[SciPy-User] bug in signal.lsim2

Ryan Krauss ryanlists@gmail....
Wed Feb 17 07:39:48 CST 2010


I like it alot.  It goes way beyond solving my problem to adding new
functionality, improving the documentation, and creating some well
thought out tests.  Nice work Warren.

I didn't see how to download the original version of the patch that
created test_ltisys.py (maybe it should already exist on my computer
if I had a more recent version of scipy).  So, patch yelled at me
about not finding the file.  So, I didn't actually run Warren's tests;
I just ran a couple of simple cases I made up.  But it worked
perfectly.

Thanks again,

Ryan

On Sun, Feb 14, 2010 at 8:43 PM,  <josef.pktd@gmail.com> wrote:
> On Sun, Feb 14, 2010 at 8:02 PM, Warren Weckesser
> <warren.weckesser@enthought.com> wrote:
>> I added a patch to ticket #1112.  In addition to adding the suggested
>> change to pass keyword args to odeint, I also added a new funciton,
>> impulse2(), that computes the impulse response by using odeint.  See
>> this thread for details:
>>
>>    http://mail.scipy.org/pipermail/scipy-user/2009-November/023416.html
>
> Thanks, the test examples look nice and serve also as some
> documentation for ltisys. The lsim2 test05 is interesting, I was
> convinced last year (and there were some previous threads) that ltisys
> cannot handle multi-input systems. I always got shape errors when I
> tried and without documentation it's difficult to figure out what is
> supposed to work and what not. (I will look at it more closely when I
> have more time.)
>
> I think the changes are reasonable including turning u and t into
> keywords instead of required arguments. Maybe Ryan or someone who is
> using this functions can comment on this.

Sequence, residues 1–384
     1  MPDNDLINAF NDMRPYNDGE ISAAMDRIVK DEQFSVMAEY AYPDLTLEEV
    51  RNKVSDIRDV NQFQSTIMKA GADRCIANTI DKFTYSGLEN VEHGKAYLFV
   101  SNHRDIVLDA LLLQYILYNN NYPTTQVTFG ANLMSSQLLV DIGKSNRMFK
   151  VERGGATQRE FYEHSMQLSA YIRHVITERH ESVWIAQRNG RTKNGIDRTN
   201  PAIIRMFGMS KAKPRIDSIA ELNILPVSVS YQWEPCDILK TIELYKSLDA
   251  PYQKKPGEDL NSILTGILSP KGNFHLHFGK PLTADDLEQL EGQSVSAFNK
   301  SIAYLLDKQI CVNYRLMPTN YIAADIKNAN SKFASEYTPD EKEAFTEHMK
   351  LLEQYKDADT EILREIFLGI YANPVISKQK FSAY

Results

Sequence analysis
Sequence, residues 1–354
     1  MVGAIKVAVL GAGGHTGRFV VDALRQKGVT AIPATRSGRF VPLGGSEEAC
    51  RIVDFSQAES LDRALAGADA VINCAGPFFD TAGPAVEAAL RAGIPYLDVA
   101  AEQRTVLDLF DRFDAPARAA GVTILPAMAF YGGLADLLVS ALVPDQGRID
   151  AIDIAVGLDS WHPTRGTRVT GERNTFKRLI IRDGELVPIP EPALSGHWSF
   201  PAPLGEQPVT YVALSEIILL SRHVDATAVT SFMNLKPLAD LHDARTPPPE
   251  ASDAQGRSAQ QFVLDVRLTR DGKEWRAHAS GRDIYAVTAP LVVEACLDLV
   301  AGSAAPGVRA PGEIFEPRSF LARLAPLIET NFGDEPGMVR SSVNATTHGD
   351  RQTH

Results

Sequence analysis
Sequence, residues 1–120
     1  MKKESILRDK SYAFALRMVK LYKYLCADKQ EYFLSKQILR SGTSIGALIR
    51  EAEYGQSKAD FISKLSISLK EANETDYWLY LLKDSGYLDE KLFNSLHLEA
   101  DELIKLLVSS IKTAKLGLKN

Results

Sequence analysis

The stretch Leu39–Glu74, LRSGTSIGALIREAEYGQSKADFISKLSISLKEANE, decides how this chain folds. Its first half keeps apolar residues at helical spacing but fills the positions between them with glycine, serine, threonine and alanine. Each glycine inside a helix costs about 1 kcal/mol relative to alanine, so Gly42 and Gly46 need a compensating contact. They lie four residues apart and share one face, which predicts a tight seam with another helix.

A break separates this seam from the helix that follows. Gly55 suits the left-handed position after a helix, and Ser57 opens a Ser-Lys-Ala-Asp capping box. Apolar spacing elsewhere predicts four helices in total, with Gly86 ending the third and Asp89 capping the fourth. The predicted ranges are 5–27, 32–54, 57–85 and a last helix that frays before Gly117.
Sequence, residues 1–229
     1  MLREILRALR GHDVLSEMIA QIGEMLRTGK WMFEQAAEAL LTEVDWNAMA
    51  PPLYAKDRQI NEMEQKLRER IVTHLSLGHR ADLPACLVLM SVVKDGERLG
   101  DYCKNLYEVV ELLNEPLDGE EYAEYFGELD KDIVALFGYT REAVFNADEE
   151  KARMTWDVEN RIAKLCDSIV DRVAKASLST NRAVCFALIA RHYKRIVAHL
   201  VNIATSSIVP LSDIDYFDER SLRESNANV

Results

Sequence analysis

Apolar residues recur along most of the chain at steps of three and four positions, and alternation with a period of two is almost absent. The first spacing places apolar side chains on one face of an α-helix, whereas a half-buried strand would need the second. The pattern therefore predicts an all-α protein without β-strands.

>
> Just one improvement to the tests, assert_almost_equal takes a decimal
> argument. If you know the precision of your tests, then it would be
> useful to increase it from the default decimal=7.
>
> Josef
>
>
>>
>> Warren
>>
>>
>> Ryan Krauss wrote:
>>> Yeah, **kwds is a little harder to understand and slightly less user
>>> friendly, but it is easier to maintain and less work for the patch
>>> writer.  And it is more future proof if the integrator ever changes.
>>>
>>> On Tue, Feb 9, 2010 at 12:17 PM, Warren Weckesser
>>> <warren.weckesser@enthought.com> wrote:
>>>
>>>> josef.pktd@gmail.com wrote:
>>>>
>>>>> On Wed, Feb 3, 2010 at 9:00 AM, Ryan Krauss <ryanlists@gmail.com> wrote:
>>>>>
>>>>>
>>>>>> FYI, I am quite happy with passing in an hmax value.  I basically
>>>>>> copied and pasted lsim2 from signal.ltisys and adapted it just a
>>>>>> little to make it a method of my derived class.  Then I added the hmas
>>>>>> kwarg that gets passed to odeint.
>>>>>>
>>>>>> Is there any reason not to allow the user to pass in a kwargs to lsim2
>>>>>> that gets passed to odeint?
>>>>>>
>>>>>>
>>>>> I don't see a reason why we cannot add a **kwargs, it should be
>>>>> completely backwards compatible.
>>>>> Can you file a ticket and add your adjusted version or a patch? And
>>>>> even better, add your original example as a test case?
>>>>>
>>>>>
>>>>>
>>>> Josef,
>>>>
>>>> I just created ticket #1112 for this.  Unless Ryan wants to adapt his
>>>> change to lsim2, I can make a patch this week to implement the enhancement.
>>>>
>>>> Warren
>>>>
>>>>
>>>>
>>>>> Josef
>>>>>
>>>>>
>>>>>
>>>>>
>>>>>> On Fri, Jan 29, 2010 at 6:44 AM, Ryan Krauss <ryanlists@gmail.com> wrote:
>>>>>>
>>>>>>
>>>>>>> Thanks to Warren and Josef for their time and thoughts.  I feel like I
>>>>>>> now understand the underlying problem and have some good options to
>>>>>>> solve my short term issues (I assigned the project last night and they
>>>>>>> need to be able to start working on it immediately).  I actually use a